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An excerpt from www.HouseOfNames.com archives copyright 2000 - 2017


The present generation of the Baltic family is only the most recent to bear a name that dates back to the ancient Anglo-Saxon culture of Britain. Their name comes from having lived in Hertfordshire. The name was taken from the market town of Baldock in Hertfordshire. This place name is of an unusual Arabic derivation. The town was named by the Knights Templar, who held a manor in the area in the 12th century, after the city of Baghdad, which was spelled Baldac in Old English. It means the city of Dat.

Baltic Early Origins



The surname Baltic was first found in Bedfordshire and Hertfordshire, where they held a family seat from ancient times, long before the Norman Conquest in 1066.

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Baltic Spelling Variations


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Baltic Spelling Variations



Until the dictionary, an invention of only the last few hundred years, the English language lacked any comprehensive system of spelling rules. Consequently, spelling variations in names are frequently found in early Anglo-Saxon and later Anglo-Norman documents. One person's name was often spelled several different ways over a lifetime. The recorded variations of Baltic include Baldock, Balldock, Balldcock, Baldcock and others.

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Baltic Early History


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Baltic Early History



This web page shows only a small excerpt of our Baltic research. Another 141 words (10 lines of text) covering the years 1500, 1624, 1691, 1307 and 1327 are included under the topic Early Baltic History in all our PDF Extended History products and printed products wherever possible.

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Baltic Early Notables (pre 1700)


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Baltic Early Notables (pre 1700)



Another 28 words (2 lines of text) are included under the topic Early Baltic Notables in all our PDF Extended History products and printed products wherever possible.

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The Great Migration


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The Great Migration



Thousands of English families boarded ships sailing to the New World in the hope of escaping the unrest found in England at this time. Although the search for opportunity and freedom from persecution abroad took the lives of many because of the cramped conditions and unsanitary nature of the vessels, the opportunity perceived in the growing colonies of North America beckoned. Many of the settlers who survived the journey went on to make important contributions to the transplanted cultures of their adopted countries. The Baltic were among these contributors, for they have been located in early North American records:

Baltic Settlers in United States in the 20th Century

  • Mico Baltic, aged 40, who landed in America, in 1906
  • Sophie Baltic, who settled in America, in 1921
  • Amy Baltic, who emigrated to the United States, in 1921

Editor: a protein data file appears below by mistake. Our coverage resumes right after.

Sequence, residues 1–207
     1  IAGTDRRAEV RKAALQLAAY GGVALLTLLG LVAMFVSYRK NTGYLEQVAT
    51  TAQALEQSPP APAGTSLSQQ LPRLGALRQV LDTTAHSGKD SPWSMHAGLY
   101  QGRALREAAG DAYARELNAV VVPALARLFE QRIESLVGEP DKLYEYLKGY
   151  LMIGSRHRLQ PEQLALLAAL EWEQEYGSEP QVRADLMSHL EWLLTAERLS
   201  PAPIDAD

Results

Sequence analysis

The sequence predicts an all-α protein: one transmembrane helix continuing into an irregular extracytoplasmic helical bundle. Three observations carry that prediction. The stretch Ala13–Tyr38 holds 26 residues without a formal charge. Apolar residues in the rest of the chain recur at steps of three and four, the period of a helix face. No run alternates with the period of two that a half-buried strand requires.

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Baltic Family Crest Products


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Baltic Family Crest Products




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See Also


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See Also




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Citations


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Citations



    Other References

    1. The Norman People and Their Existing Descendants in the British Dominions and the United States Of America. Baltimore: Genealogical Publishing, 1975. Print. (ISBN 0-8063-0636-X).
    2. Weis, Frederick Lewis, Walter Lee Sheppard and David Faris. Ancestral Roots of Sixty Colonists Who Came to New England Between 1623 and 1650 7th Edition. Baltimore: Genealogical Publishing, 1992. Print. (ISBN 0806313676).
    3. Williams, Dr Ann. And G.H. Martin, Eds. Domesday Book A Complete Translation. London: Penguin, 1992. Print. (ISBN 0-141-00523-8).
    4. Elster, Robert J. International Who's Who. London: Europa/Routledge. Print.
    5. Crispin, M. Jackson and Leonce Mary. Falaise Roll Recording Prominent Companions of William Duke of Normandy at the Conquest of England. Baltimore: Genealogical Publishing. Print.
    6. Ingram, Rev. James. Translator Anglo-Saxon Chronicle 1823. Print.
    7. Colletta, John P. They Came In Ships. Salt Lake City: Ancestry, 1993. Print.
    8. Egle, William Henry. Pennsylvania Genealogies Scotch-Irish and German. Harrisburg: L.S. Hart, 1886. Print.
    9. Burke, Sir Bernard. General Armory Of England, Scotland, Ireland and Wales. Ramsbury: Heraldry Today. Print.
    10. Bede, The Venerable. Historia Ecclesiatica Gentis Anglorum (The Ecclesiastical History Of the English People). Available through Internet Medieval Sourcebook the Fordham University Centre for Medieval Studies. Print.
    11. ...

    The Baltic Family Crest was acquired from the Houseofnames.com archives. The Baltic Family Crest was drawn according to heraldic standards based on published blazons. We generally include the oldest published family crest once associated with each surname.

    This page was last modified on 24 June 2013 at 13:46.

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